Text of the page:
Thanks for the comments, and please keep 'em coming,

-Matt
 
Old 08-05-2009, 09:16 AM   #4
tuxdev
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Could you post all of the actual Makefiles you've got? I can't really see what's really going on with just hypothetical (also please use [code] tags).

This is the Makefile I use for my smaller projects:
Code:
CXXFLAGS = -O3 -g -Wall -Wextra -ansi -pedantic -MD
LINK.o = $(LINK.cpp)
.PHONY = all clean

ifeq ($(GPROF),yes)
CXXFLAGS += -pg
endif

ifeq ($(GCOV),yes)
CXXFLAGS += -O0 -DNDEBUG -fno-elide-constructors -fno-inline -fprofile-arcs -ftest-coverage
endif

SRCS = $(wildcard src/*.cpp)

all: foo

foo: $(SRCS:%.cpp=%.o)

clean:
	$(RM) src/foo src/core src/gmon.out src/*.o src/*.d src/*.gcno src/*.gcov src/*.gcda

-include src/*.d
The -MD flag to GCC generates dependency information, which is then included (I was thinking about something like this technique in my last post). You can also turn on or off profiling and coverage analysis (valgrind is better a profiling, though).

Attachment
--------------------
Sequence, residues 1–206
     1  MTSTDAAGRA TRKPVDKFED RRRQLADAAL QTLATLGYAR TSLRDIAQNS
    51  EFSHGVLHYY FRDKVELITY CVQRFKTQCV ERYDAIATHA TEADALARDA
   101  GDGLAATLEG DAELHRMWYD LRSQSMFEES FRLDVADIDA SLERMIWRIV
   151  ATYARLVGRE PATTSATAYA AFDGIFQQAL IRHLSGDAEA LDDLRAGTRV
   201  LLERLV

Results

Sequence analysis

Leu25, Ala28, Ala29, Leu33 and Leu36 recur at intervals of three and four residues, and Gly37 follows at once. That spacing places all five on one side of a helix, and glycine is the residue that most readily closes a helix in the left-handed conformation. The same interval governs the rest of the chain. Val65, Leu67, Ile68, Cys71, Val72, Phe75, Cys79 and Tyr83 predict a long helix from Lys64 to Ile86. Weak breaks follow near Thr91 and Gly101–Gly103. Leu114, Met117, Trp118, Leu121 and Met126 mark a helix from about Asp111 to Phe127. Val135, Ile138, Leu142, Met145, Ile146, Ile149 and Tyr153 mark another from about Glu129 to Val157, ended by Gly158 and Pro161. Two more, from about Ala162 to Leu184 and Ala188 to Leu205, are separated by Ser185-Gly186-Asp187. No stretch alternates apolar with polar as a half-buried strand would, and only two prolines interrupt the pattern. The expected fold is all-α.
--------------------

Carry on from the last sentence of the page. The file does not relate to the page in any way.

Once a project gets sufficiently complicated that writing a Makefile manually becomes a major headache, I switch to CMake. It generates Makefiles, but does it a lot better than writing a script from scratch. The issue you mentioned with a shell script doesn't really happen in practice with CMake. Oh, and that it can also generate Visual Studio solutions is *really* nice for cross-platform development.

Last edited by tuxdev; 08-05-2009 at 09:37 AM.
 
Old 08-06-2009, 02:59 AM   #5
Matthew Applegate
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Quote:
Originally Posted by tuxdev View Post
The -MD flag to GCC generates dependency information, which is then included (I was thinking about something like this technique in my last post). You can also turn on or off profiling and coverage analysis (valgrind is better a profiling, though).